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What 'Today's Toddler' Can Do to Survive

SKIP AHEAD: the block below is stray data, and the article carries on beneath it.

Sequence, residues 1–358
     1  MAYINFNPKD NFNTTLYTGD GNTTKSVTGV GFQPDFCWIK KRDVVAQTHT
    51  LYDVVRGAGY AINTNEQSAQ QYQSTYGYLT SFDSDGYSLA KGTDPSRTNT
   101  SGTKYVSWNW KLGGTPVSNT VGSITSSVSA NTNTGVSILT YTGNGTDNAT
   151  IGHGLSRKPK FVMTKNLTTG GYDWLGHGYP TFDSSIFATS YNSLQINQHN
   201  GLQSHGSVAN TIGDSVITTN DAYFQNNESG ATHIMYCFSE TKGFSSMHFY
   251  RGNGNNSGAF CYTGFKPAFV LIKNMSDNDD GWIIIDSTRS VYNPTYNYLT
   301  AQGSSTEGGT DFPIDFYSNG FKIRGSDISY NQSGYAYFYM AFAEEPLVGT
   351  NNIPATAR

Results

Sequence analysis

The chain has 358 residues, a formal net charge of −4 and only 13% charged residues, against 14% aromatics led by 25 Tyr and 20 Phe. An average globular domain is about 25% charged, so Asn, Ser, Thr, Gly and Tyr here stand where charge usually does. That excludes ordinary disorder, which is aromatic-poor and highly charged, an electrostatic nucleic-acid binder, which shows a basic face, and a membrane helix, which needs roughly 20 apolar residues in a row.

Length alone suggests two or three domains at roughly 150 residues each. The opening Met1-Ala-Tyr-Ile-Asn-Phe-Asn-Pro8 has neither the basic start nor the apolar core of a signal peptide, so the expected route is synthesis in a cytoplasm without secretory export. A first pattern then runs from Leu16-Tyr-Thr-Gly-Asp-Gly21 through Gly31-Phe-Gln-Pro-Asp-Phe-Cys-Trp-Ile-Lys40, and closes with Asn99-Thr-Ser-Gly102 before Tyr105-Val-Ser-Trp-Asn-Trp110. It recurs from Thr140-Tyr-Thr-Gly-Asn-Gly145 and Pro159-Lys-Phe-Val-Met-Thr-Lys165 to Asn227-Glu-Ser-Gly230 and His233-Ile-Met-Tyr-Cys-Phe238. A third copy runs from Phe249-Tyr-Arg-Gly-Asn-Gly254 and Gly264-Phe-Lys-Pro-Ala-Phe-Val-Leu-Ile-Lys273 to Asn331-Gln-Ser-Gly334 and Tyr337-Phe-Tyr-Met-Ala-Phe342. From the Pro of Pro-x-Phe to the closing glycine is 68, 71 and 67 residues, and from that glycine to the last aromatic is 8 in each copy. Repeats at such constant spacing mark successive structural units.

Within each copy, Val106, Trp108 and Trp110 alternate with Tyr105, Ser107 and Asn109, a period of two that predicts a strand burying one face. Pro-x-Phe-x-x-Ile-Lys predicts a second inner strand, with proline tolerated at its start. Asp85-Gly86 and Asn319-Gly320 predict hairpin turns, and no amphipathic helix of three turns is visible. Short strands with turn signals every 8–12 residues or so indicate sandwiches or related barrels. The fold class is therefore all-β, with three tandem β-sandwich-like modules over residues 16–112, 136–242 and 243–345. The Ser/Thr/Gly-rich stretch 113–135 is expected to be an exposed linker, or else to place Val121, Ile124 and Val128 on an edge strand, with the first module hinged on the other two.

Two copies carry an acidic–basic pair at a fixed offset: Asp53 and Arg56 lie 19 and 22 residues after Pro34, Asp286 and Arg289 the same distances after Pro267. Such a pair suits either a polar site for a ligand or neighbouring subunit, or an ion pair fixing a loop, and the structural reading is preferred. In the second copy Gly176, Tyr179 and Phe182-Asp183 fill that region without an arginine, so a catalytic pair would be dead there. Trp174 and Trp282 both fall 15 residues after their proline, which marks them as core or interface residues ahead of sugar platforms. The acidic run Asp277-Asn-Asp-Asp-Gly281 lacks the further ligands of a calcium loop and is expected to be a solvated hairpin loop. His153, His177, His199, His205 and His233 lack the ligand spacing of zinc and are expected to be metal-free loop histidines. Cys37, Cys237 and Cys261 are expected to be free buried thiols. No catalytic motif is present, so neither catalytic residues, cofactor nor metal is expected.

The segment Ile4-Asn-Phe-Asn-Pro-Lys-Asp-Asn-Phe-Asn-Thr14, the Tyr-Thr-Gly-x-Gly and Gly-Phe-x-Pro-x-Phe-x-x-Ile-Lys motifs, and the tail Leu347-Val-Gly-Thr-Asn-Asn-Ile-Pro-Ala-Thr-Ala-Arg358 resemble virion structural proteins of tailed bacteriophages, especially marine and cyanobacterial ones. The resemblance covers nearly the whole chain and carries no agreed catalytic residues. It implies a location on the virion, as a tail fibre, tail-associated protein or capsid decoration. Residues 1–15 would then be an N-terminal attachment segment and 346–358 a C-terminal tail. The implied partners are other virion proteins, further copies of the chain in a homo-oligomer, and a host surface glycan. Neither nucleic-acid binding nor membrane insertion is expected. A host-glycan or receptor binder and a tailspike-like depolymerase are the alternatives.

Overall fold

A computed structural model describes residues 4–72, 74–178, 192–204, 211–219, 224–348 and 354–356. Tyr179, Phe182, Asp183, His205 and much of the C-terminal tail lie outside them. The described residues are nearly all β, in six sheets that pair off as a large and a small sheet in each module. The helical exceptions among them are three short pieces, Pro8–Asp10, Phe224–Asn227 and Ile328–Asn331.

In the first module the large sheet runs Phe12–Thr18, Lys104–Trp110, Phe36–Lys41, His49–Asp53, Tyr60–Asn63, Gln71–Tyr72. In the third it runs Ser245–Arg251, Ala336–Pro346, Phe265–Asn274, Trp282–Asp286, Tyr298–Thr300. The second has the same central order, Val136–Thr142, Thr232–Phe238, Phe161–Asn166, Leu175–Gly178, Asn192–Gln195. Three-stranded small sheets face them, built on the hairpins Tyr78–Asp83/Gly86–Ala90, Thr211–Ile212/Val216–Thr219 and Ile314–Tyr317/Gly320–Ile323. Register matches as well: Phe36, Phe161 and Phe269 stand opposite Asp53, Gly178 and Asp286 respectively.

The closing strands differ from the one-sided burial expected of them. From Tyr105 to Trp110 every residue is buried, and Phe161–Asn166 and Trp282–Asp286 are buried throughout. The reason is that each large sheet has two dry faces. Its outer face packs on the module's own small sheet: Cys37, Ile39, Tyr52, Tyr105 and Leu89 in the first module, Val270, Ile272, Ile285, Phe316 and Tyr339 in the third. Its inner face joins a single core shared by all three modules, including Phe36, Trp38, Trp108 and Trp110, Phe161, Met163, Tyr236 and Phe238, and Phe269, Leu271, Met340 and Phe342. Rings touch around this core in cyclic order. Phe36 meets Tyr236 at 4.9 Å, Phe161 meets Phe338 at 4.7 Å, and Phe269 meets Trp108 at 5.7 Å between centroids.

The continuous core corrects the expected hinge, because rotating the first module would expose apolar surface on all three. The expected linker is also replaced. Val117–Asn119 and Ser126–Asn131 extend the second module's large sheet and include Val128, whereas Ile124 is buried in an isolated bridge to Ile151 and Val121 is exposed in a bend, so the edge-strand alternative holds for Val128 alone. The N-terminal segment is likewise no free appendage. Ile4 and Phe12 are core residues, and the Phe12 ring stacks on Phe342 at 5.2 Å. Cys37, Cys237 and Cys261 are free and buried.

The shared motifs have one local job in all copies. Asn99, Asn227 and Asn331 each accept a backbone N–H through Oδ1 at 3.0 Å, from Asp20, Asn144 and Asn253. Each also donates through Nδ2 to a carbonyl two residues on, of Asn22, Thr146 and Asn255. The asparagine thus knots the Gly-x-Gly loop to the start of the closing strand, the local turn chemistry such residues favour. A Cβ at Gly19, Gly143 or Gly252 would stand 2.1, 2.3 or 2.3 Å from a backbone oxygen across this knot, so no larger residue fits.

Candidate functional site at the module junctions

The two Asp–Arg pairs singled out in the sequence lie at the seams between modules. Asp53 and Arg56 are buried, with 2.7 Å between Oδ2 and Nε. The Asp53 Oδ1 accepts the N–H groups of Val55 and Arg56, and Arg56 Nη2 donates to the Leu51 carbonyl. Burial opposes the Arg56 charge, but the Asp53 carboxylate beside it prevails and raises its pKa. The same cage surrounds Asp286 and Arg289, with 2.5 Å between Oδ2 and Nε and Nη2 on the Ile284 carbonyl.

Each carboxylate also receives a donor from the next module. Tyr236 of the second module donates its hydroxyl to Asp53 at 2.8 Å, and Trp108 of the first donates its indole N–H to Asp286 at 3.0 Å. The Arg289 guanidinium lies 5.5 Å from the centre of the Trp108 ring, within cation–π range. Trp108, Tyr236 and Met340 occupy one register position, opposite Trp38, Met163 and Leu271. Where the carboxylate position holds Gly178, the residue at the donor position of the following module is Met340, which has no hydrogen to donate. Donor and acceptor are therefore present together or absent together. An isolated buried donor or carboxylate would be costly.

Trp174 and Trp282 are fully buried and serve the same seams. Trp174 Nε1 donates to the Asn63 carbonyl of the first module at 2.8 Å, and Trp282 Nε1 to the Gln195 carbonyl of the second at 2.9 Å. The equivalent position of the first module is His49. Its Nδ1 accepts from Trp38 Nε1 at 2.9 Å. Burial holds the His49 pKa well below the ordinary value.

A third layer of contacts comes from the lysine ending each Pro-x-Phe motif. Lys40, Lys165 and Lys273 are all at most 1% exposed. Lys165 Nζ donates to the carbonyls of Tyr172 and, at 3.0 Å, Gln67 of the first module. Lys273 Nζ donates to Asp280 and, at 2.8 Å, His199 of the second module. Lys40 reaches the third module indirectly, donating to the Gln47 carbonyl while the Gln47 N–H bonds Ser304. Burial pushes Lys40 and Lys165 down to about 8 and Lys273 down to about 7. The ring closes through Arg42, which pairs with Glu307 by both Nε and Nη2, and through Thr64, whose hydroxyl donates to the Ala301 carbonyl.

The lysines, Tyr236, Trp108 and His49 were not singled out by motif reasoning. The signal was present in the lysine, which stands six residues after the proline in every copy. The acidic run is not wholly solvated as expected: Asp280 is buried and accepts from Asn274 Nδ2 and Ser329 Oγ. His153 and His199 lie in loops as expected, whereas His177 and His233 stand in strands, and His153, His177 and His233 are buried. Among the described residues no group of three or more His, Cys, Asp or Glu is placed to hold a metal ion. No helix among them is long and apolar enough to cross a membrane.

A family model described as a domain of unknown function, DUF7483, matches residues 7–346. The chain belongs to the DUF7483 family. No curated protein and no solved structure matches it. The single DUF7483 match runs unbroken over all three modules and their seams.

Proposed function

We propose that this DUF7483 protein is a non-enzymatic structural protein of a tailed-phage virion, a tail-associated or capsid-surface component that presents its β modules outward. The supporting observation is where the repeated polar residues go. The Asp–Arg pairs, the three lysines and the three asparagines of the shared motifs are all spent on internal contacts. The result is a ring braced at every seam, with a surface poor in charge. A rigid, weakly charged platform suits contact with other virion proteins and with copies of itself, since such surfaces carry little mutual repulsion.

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More debate about the 'American Rescue Plan'... What to do with your stimulus check – especiall